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Sales of vegetarian products are increasing, but few are based on Norwegian cereals and pulses. Nofima scientists are working to increase the use of Norwegian protein-rich raw materials.

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Wenche Aale Hægermark  

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“Broad beans or faba beans are a promising foodstuff. We have developed a step-by-step process model for production of protein-rich ingredients from broad beans. This is a technology that the industry can benefit from”, says Senior Scientist Svein Halvor Knutsen. 

Why broad beans? 

Many of today’s plant-based meat substitutes are produced from soybeans. Broad beans can be a good soybean substitute:  

  • Broad beans can be cultivated in Norway 
  • Broad beans are rich in protein  
  • Once the hull is removed, the kernel has a relatively neutral taste. Therefore, it is easier to add other flavours without the taste being negatively affected. 

Good sources of protein are required 

Plant-based meat substitutes used in meals should have a protein content of approximately 20 percent. Most of today’s vegetarian products have a much lower protein content. It is important to emphasise protein content when assessing different processing stages and technologies.  

“Broad beans have a protein content of ca 30 percent. We have developed a fractionation technique that doubles the protein content of the protein fraction. The protein fraction is only one of the ingredients in the finished meat substitutes, so the protein content should be as high as possible”, says Senior Scientist Stefan Sahlström.  

Optimal processing models 

An important part of the scientists’ work is to develop optimal step-by-step process models to produce ingredients.  

The following process steps are beneficial when processing broad beans: 

  1. Stone milling technology is best suited for separating the hulls from the kernels. The hulls are removed because they contain a lot of tannins that produce a bitter taste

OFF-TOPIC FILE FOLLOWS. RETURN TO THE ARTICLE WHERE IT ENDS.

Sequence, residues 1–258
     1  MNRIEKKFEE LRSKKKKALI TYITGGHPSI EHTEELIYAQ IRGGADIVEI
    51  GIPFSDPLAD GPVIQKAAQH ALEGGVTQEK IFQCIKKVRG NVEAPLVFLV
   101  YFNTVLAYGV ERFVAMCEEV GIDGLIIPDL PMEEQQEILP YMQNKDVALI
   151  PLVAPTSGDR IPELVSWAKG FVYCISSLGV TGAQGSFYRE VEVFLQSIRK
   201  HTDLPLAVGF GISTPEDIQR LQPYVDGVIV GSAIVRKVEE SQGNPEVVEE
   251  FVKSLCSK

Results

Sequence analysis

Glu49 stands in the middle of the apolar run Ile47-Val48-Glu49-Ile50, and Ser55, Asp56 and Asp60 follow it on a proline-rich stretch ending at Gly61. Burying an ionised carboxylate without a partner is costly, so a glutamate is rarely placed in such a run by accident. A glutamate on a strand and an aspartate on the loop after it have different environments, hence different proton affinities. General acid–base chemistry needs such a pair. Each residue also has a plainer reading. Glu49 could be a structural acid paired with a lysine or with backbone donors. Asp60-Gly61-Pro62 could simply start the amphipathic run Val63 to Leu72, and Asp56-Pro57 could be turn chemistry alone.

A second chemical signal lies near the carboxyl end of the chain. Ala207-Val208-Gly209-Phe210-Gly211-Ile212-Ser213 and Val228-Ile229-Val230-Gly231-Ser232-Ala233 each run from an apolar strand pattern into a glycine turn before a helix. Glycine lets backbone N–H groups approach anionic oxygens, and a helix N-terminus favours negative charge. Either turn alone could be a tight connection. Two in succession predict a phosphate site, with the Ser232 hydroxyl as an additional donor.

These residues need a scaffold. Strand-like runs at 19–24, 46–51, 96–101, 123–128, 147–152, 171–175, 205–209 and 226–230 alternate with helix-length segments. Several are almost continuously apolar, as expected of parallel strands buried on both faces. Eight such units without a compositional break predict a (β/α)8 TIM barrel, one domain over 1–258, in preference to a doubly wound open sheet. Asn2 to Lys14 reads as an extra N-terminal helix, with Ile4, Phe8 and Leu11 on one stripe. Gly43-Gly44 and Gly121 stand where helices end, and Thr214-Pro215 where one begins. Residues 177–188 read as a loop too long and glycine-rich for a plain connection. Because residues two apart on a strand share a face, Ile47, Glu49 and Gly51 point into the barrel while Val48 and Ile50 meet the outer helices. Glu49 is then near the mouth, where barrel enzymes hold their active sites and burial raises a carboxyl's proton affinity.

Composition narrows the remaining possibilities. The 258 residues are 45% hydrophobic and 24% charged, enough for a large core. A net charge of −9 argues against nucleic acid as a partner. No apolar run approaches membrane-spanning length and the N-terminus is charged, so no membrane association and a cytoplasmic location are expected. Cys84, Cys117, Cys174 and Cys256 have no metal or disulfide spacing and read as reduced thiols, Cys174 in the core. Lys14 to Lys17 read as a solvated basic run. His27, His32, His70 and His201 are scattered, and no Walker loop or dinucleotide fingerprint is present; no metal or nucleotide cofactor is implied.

1. A so-called zig-zag air classifier is used to separate the hulls from the kernels   
  1. Hammer milling technology mill the kernels into smaller particles, then a pin mill is used to produce a fine powder made up of protein and starch particles  
  1. A final process involving an air classifier produces a protein fraction and a starch fraction.  
  1. Extrusion technology enables one to produce healthy snacks or ingredients that can be used as meat substitutes. The ingredients provide structure to the meat substitutes. There are many possibilities, and the recipes are adapted to the products one wants to develop.  

Different process steps for different raw materials  

Nofima scientists have worked hard to find out which technologies are best suited for the various process steps. The relevant steps depend on the type of raw materials that are included in the products. 

Unlike legumes, oats contain quite a lot of fat. It is beneficial that this fat is separated out early in the process. This means that there is an additional process step; separating the fat. The scientists have found that this is best done using supercritical CO2 extraction technology – a sustainable technology that replaces the use of organic solvents such as hexane. 

Supplying input to the industry   

Several experiments have been carried out, including a good deal of trial and error. The technical processing equipment needed in the various process steps is available in Nofima’s pilot plants and is part of the infrastructure project called Food Pilot Plant.  

“We want to work in projects together with the industry where the process models we have developed and the equipment we have installed are used”, Knutsen points out.  

Nothing left to waste  

Developing sustainable food involves utilising all the raw materials in the best possible way. To date, the scientists have developed ingredients from protein fractions. They are now trying to find suitable applications for starch.  

“We envisage that side streams such as starch can be used as binding agents in meat substitutes and replace the use of imported tapioca- and corn starch”, Sahlström concludes. 

Facts about the research

The research is funded by The Research Council of Norway and Research Funding for Agriculture and the Food Industry

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